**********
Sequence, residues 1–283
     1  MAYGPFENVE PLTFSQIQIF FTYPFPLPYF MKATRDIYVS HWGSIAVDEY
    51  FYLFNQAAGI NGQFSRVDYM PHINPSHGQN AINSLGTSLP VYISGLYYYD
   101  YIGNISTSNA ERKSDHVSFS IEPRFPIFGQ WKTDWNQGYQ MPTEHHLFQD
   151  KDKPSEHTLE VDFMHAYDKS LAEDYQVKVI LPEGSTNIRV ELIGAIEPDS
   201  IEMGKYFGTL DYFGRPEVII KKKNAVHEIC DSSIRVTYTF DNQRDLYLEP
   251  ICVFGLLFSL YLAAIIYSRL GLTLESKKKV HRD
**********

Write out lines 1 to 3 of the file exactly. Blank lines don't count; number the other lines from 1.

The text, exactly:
Sequence, residues 1–283
     1  MAYGPFENVE PLTFSQIQIF FTYPFPLPYF MKATRDIYVS HWGSIAVDEY
    51  FYLFNQAAGI NGQFSRVDYM PHINPSHGQN AINSLGTSLP VYISGLYYYD